The President of Lithuania Gitanas Nauseda believes that the state of the emergency on the country’s border with Belarus would not be extended after January 14, as currently, the situation permits such a decision to be abolished.
Authorities in Lithuania declared a state of emergency after the Baltic State saw a large number of migrants attempting to cross the common border between Lithuania and Belarus in an unlawful way, SchengenVisaInfo.com reports.
However, in case that the situation deteriorates, the state of emergency could be further extended.
“I think in a situation like the one we have now, it would certainly make sense to consider lifting the state of emergency because it is a really strong instrument that we have to use in exceptional circumstances,” Nauseda local media.
According to the Lithuanian President, the migration problem was “solved for now” after a total of 98 migrants from Iraq agreed to return home voluntarily on Sunday, as reported by La Prensa Latina.
The migrants were repatriated through an operation organized by the State Border Guard Service (VSAT), the Interior Ministry as well as Vilnius Airport.
As reported by local media in Lithuania, migrants who agreed to return to their origin countries are being paid 1,000 euros; however, nearly 540 migrants have left Lithuania by other means.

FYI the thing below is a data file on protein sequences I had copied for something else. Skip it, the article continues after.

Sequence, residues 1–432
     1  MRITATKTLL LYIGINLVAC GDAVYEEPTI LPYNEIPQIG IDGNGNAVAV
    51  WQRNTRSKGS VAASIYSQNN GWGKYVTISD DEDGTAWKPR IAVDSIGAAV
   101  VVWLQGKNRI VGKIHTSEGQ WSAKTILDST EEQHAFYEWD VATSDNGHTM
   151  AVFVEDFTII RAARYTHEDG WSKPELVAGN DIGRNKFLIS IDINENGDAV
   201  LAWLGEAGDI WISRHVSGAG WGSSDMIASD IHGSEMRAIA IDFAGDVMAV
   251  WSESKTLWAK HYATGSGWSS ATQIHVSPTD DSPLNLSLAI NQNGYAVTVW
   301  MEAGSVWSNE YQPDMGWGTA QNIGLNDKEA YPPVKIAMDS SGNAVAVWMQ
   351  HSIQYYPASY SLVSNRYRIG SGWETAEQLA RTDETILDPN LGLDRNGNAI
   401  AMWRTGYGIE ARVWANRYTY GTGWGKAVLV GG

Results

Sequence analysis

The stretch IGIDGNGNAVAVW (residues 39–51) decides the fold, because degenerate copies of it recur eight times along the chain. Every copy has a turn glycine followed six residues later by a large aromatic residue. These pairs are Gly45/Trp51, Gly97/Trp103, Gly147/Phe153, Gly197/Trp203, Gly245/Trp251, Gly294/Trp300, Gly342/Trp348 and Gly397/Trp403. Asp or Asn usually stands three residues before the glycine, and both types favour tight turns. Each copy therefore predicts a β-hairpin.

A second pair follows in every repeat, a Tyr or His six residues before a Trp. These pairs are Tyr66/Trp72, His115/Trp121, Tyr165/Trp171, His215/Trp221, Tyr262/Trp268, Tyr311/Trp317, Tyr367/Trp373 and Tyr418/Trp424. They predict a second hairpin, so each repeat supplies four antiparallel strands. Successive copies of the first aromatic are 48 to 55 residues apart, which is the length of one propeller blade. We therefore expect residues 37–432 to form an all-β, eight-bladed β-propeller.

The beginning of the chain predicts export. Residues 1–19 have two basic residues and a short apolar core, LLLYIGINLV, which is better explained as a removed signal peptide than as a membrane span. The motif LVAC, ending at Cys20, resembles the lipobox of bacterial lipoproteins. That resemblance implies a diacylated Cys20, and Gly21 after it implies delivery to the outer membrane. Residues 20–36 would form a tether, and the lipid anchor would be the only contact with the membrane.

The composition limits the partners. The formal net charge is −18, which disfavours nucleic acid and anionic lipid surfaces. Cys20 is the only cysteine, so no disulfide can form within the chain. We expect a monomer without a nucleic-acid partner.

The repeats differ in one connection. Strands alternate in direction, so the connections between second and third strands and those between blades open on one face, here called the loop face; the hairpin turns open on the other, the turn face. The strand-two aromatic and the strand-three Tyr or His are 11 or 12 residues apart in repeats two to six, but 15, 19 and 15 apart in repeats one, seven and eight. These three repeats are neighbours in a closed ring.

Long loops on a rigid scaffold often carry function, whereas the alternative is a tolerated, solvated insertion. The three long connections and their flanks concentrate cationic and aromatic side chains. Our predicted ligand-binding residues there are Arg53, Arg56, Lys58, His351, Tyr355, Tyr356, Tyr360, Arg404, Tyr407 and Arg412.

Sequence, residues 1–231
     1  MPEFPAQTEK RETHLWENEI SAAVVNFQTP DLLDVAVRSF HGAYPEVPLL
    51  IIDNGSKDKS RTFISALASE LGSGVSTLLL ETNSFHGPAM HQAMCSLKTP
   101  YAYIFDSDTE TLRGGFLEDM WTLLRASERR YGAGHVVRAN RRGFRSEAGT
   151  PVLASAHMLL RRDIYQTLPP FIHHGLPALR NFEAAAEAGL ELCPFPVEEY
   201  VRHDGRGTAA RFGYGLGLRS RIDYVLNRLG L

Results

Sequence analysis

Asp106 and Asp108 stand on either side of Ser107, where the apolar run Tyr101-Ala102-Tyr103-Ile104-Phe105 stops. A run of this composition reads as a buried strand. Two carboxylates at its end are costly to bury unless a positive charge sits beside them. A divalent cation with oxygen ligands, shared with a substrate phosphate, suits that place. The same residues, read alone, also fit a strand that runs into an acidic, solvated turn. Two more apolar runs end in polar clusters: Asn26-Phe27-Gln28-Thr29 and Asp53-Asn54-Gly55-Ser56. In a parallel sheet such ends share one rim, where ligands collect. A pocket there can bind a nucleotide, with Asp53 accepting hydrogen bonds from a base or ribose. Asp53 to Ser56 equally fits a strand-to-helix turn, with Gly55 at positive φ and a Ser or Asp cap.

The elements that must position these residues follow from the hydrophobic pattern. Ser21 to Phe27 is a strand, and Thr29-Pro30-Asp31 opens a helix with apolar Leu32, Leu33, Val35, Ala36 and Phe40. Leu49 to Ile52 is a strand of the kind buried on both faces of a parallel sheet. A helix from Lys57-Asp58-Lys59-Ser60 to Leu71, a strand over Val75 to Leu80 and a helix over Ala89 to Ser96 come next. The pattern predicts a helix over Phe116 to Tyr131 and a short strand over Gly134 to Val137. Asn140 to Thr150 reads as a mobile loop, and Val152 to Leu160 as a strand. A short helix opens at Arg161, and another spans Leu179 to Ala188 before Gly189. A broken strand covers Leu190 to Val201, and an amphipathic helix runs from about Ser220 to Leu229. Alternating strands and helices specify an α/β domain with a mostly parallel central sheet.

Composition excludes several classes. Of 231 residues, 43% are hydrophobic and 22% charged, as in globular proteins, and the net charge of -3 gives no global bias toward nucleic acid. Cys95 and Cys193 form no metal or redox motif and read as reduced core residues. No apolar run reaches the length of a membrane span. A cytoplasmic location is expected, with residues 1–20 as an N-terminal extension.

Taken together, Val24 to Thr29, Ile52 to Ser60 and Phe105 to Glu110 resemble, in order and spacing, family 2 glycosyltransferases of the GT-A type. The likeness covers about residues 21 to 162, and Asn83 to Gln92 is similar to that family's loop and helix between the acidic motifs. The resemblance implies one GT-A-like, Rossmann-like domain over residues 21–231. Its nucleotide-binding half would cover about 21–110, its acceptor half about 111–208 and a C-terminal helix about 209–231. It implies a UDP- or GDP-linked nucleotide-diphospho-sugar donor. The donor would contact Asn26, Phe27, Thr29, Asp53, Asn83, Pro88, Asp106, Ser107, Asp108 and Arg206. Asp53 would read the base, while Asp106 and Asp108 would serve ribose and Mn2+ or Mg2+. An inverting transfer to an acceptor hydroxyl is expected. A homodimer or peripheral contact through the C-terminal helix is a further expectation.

Nearly 4,200 persons who attempted to enter Lithuania illegally were taken to camps designed for persons who seek international protection.
Last month, Lithuania’s Ministry of the Interior stressed that authorities in Belarus ordered the removal of migrants who remain on the Polish-Belarusian border, which could lead to another influx of migrants in the EU countries through Belarusian countries.
In December, the Lithuanian Interior Minister, Agne Bilotaite, announced that they had received word about “Belarus President Alexander Lukashenko order to clear out illegal migrants from the warehouse at Bruzgi border crossing and Minsk, so there will be attempts soon to push these migrants into Lithuania, Poland, and Latvia.”
Human rights organizations and other organizations have often criticized the pushback of persons at the country’s borders.
Last month, a report published by the non-governmental organization focused on human rights, Amnesty International, the number of asylum seekers and migrants who tried to reach EU countries through the border between Belarus and Poland were subject of horrific torture, extortion, as well as inhuman conditions from authorities in Belarus at Poland’s border.